Your host put a lot of thought and work into organizing a formal dinner party. Show respect by dressing appropriately for the event. If you're unsure what your host means by "formal," ask her for guidance. Formal can encompass white and black tie, creative black tie and black-tie optional attire.
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Most Formal Attire
White tie is the most formal dress of all and may only be expected at state dinners or, if specified, at evening galas and weddings. Men should be in tuxedo pants with a double braid, a dress coat, a stiff white pique wing-collared shirt, braces, cuffs and studs, a white vest and tie, black patent shoes and dress socks and gloves. Women should wear long, floor-length gowns and -- optionally -- gloves, which are removed before dining.
Black Tie and Creative Black Tie
Black tie is a step down in formality from white tie, but is still dressy. Men wear a tuxedo jacket and a black tie, but braces and vests are optional. Women may still wear floor-length gowns but could also opt for dressy cocktail-length dresses. Even a fancy little black dress or dressy separates will do. If the host specifies "creative black tie," a man can break away from the classic white shirt and black accessories to wear colors and patterns. Women may accessorize with whimsical, colorful bags, shoes and jewelry. A short cocktail dress in a glittery gold or silver, a dressy sweater with a ball gown skirt or tuxedo pants and a silk blouse are also appropriate.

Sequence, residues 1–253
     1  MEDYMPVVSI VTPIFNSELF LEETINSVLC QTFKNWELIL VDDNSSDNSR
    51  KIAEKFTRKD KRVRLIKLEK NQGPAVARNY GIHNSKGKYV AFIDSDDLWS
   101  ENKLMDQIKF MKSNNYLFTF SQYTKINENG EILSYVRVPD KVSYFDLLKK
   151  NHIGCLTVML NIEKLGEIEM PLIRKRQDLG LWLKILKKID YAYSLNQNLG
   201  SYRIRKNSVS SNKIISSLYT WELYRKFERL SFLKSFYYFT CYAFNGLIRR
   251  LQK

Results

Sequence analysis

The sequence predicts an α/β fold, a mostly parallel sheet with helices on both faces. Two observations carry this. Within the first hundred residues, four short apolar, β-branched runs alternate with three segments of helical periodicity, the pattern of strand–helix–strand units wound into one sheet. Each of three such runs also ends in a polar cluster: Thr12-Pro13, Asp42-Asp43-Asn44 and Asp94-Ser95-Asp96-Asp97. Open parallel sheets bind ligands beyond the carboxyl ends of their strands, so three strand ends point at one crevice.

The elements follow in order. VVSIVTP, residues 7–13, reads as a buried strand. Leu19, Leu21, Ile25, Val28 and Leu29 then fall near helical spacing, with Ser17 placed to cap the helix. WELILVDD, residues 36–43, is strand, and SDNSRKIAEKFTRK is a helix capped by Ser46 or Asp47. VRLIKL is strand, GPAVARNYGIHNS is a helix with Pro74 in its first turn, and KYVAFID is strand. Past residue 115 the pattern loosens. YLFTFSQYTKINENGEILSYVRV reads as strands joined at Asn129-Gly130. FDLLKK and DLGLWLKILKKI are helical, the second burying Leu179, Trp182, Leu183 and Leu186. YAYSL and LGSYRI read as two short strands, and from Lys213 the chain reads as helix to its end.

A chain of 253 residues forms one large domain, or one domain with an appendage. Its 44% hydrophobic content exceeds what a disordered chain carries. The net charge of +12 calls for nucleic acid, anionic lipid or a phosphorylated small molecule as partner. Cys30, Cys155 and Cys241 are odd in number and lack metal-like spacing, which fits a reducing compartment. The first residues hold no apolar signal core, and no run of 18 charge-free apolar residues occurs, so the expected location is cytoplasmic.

The more vague distinction "formal" means you need to consider the time of year, your hosts, the occasion and the venue when choosing your clothing. If black tie isn't indicated on the invitation, a man can wear a dark, solid suit with conservative accessories. A formal gown may still be acceptable attire for a woman, but you may be better off with a dressy cocktail-length skirt or a little-black dress that you can accessorize to look more formal, if needed. Heels, dangly earrings and a glitzy clutch can dress up almost any look.
Men should skip white jackets, unless they are attending a daytime summer event or the invitation specifies white. GQ advises men to stay classic and not try to emulate celebrities who wear a dark suit with a black tie to a formal dinner party. Khakis and polo shirts are out of the question for men when "formal" is on the invitation. For women, casual flats or informal sandals are a definite don't. Save pantsuits for work and maxi dresses for walks on the beach.